Her views show how China could divide the party’s factions despite the unity it has built on other international issues, like ending U.S. support for a Saudi-led military intervention in Yemen that Biden and former President Barack Obama greenlit. Biden’s commitment to that has impressed her, Winograd said.

Michèle Flournoy, an undersecretary for defense in former President Barack Obama's administration, is seen as a frontrunner to serve as defense secretary under Joe Biden. Her views on U.S. policy toward China have raised concerns among progressives.
Michèle Flournoy, an undersecretary for defense in former President Barack Obama's administration, is seen as a frontrunner to serve as defense secretary under Joe Biden. Her views on U.S. policy toward China have raised concerns among progressives.
Yuri Gripas / Reuters

The repeated references at the Democratic convention about winning over Republicans and showcasing Biden’s ties to figures associated with foreign interventions like Iraq War architect Colin Powell and late Sen. John McCain (R-Ariz.) also suggested the candidate isn’t as wary of the thinking that led to past mistakes as some in his coalition would like. Indeed, some Republican foreign policy figures, including former Trump officials, see an opportunity to help shape Biden’s approach to China because they have given up on the president, The Daily Beast reported.

Speaking to reporters during the convention, influential Democrats working on global affairs emphasized a party consensus on the China issue and confidence that Biden would craft a thoughtful strategy in office.

In Biden, the nation would be “putting somebody in the White House who understands how to fight and cooperate with a country like China at the same time,” said Sen. Chris Murphy (D-Conn.), who party insiders often mention as a possible secretary of state. “There are very few people, maybe no one else that we could have nominated for president, who will be ready to understand the complicated nuance of that relationship better than him.”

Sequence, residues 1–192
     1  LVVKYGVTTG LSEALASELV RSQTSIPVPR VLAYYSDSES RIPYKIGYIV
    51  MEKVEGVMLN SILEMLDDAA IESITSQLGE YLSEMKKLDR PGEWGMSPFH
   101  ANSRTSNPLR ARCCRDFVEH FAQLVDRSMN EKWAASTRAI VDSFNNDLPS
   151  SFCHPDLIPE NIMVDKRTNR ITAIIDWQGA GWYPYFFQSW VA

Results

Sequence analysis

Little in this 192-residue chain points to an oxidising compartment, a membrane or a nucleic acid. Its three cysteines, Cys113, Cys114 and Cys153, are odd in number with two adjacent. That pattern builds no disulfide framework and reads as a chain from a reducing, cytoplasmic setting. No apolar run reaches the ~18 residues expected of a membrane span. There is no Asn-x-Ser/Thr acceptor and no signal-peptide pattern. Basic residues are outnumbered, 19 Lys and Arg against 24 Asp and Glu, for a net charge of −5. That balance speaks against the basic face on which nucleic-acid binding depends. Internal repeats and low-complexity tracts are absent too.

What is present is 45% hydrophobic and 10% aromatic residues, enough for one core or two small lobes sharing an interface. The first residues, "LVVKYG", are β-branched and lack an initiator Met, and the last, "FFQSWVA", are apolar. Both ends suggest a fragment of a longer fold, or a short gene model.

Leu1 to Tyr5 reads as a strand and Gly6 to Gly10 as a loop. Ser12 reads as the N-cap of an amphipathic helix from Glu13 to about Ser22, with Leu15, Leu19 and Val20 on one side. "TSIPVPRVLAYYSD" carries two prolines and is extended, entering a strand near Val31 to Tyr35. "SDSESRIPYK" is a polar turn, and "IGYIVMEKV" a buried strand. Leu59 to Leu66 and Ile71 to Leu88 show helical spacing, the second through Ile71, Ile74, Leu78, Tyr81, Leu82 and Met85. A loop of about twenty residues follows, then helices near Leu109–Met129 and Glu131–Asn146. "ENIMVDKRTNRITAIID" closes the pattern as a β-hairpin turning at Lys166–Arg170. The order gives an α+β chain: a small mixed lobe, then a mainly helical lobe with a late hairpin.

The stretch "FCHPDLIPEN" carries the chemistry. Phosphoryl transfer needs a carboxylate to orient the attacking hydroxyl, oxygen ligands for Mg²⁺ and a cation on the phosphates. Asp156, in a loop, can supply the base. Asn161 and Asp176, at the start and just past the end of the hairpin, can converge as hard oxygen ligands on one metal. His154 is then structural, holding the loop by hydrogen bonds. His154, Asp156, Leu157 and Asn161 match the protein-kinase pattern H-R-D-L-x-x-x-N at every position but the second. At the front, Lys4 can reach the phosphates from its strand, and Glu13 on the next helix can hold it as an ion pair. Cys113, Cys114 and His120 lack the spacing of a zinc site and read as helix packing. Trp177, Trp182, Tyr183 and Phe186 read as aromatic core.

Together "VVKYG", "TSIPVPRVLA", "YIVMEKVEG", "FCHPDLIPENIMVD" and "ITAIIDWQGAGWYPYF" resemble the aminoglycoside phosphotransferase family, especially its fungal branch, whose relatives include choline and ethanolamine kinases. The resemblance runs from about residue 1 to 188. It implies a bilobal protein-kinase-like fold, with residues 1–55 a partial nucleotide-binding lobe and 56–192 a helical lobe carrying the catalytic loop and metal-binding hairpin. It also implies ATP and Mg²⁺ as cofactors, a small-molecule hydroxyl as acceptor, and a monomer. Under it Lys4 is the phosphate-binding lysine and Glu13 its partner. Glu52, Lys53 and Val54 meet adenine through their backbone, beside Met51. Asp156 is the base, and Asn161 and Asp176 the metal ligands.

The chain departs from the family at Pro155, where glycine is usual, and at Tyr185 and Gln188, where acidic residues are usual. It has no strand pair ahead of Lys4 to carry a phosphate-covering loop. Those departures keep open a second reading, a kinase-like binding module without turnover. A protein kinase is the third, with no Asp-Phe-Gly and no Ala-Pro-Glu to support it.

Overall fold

Rep. Ro Khanna of California, who co-chaired the Democratic presidential primary campaign of Sen. Bernie Sanders (I-Vt.), said the party is offering “a two-track approach” that is “different from Trump’s call for a new Cold War.”

Asked about concerns from the left that Democrats could adopt an overly confrontational approach, particularly in trying to court some GOP voters, Khanna said, “I don’t think that’s where Biden’s instincts are. I think he will seek to bridge divides around the world and project a better and more cooperative American framework.”

Murphy added that in this election, “We are the national security party.”

A policy born of that identity isn’t necessarily bellicose; in speaking of areas to compete with China, for instance, Murphy repeatedly has called for the U.S. to encourage innovation more quickly than that nation. And China experts advising Biden like Ely Ratner and Ryan Hass have spoken of ensuring the U.S. is focused on rebuilding its strength at home and making clear it seeks to engage with Beijing beyond just pressuring it.

Still, the public perception and environment that Democrats create matters ― and the political winds they help shape can ultimately influence crucial decisions on international relations more than careful analysis.

“We have to also speak about ending these wars and the foreign interventionism and I’m hopeful that that will be part of the theme tonight,” Khanna said ahead of the convention’s final night.

It wasn’t.